Cooking Greens in April

Cooking Greens to Harvest in Central Virginia in April

Out with the old! In with the new!

A bed of spring Senposai.
Photo by Wren Vile

Outdoors, collards, kale and spinach that have over-wintered will be coming to an end. Most years, the collards and then the kale bolt in mid-late March, and the overwintered spinach in April.

Fast growing crops like mustard greens and senposai from spring transplanting will be ready to harvest as leaves from early April; collards and kale from mid-April. Beet greens might be ready at the end of April, or it might be May before we get those, depending on the weather and our sowing dates.

From the hoophouse, we are getting the last of most of our indoor greens. The Russian kale, the chard and the Frills (frilly mustards) are bolting. We do have spinach we sowed in January, which will continue all this month. The Bulls Blood beet leaves no longer look very appetizing, but we could cook those up early in the month. The milder winter means earlier bolting this year.

Cooking Greens to Sow in Central Virginia in April

Bright Lights chard in our garden in July.
Photo Pam Dawling

Chard is our best summer cooking green. Chard (Beta vulgaris var. cicla) is the same species as beetroot and, like beets, is a biennial. Hence it will not flower until the second year after planting, and can provide fresh greens all summer and fall, until halted by hard frosts. Even then, the root may survive and regrow the next spring. Leaf beet, also known as perpetual spinach, is a chard, with thinner stems and smaller leaves than most Swiss chard. It is the closest in flavor to spinach for growing in hot weather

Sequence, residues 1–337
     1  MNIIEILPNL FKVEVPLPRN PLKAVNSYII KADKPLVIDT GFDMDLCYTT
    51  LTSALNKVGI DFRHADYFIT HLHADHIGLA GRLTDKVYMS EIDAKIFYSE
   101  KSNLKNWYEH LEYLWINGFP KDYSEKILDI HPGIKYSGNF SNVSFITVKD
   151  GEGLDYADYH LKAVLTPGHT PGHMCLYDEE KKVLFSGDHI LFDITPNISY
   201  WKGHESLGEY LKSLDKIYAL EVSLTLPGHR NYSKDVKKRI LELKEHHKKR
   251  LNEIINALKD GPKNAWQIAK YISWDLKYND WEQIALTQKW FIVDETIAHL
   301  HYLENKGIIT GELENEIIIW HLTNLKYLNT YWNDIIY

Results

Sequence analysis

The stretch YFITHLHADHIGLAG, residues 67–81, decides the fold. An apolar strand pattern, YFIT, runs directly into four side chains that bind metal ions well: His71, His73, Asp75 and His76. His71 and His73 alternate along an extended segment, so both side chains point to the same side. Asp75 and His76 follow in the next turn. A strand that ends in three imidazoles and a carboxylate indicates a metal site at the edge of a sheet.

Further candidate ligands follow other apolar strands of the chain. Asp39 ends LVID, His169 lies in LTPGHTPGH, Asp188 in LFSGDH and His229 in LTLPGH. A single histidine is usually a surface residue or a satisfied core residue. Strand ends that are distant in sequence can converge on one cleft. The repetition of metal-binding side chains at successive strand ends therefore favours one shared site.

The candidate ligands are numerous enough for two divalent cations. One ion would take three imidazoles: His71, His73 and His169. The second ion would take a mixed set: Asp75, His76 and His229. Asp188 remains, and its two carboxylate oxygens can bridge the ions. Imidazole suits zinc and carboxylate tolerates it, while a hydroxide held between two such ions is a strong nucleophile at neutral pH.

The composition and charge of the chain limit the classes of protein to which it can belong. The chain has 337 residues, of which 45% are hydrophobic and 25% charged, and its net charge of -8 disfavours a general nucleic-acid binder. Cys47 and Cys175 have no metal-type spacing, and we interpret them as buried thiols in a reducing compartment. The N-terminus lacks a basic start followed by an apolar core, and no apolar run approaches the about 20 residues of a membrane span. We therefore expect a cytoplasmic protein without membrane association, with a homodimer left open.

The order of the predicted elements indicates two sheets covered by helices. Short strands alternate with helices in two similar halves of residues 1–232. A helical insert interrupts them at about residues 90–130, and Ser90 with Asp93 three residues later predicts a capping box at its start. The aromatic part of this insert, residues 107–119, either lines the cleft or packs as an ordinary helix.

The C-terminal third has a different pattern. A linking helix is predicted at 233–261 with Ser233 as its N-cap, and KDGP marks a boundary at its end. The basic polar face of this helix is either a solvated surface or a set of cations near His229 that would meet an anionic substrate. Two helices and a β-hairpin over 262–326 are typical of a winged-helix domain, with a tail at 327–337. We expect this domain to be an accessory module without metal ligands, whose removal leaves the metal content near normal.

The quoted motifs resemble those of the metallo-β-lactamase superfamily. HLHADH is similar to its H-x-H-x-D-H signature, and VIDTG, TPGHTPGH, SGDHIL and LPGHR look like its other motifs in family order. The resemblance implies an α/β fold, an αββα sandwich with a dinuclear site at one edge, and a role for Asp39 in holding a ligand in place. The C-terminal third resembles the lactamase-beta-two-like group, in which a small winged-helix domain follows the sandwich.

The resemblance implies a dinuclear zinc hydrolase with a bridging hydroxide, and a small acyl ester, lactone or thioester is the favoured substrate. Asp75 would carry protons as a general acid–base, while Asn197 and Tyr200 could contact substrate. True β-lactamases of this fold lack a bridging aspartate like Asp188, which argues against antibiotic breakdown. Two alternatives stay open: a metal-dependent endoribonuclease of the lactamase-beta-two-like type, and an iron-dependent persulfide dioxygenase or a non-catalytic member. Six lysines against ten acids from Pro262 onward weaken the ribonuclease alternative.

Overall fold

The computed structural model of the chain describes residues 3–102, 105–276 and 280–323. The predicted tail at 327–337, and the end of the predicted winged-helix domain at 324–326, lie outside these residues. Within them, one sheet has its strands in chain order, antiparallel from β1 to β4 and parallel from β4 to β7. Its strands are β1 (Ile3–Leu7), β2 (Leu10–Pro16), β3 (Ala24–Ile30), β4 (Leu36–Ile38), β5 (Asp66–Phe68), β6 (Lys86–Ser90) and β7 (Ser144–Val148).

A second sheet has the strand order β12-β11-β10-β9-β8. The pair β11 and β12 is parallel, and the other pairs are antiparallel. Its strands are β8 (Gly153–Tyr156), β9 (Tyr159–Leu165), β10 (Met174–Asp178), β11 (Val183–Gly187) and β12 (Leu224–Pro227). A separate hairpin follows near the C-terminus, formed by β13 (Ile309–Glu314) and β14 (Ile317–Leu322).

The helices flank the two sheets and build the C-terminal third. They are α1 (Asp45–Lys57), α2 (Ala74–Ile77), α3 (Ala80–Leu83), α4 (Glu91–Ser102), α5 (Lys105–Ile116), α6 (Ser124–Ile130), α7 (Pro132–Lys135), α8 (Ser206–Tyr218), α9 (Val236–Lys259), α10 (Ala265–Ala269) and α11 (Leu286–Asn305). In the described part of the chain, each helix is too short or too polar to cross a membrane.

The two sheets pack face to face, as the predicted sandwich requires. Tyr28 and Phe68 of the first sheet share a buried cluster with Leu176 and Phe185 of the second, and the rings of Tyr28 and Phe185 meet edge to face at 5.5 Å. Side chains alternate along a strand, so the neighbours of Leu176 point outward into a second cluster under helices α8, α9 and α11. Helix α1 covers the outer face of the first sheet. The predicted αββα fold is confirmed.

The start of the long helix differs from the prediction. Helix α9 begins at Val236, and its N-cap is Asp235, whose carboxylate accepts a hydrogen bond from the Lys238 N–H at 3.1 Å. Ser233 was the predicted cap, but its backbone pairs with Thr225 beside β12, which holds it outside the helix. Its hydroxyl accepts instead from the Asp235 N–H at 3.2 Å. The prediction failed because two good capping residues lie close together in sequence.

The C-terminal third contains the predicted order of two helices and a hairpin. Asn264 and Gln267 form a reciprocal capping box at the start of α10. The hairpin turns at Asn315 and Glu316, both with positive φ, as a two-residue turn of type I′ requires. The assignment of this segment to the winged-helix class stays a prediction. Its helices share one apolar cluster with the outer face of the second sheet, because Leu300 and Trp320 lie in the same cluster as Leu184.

Leaf Beet (Perpetual Spinach)
Photo Fedco Seeds

If you prefer spinach in spring, as we do, grow that first, and switch to chard for summer, sowing in plug flats or soil blocks three weeks before your last frost date. (We sow March 24-April 6)

If you want chard in spring, you can start flats earlier or direct seed outdoors two or three weeks before the last frost date.

We also use beet greens for cooking, although our main purpose is to grow beets. Our last date for sowing beets in spring is 4/15.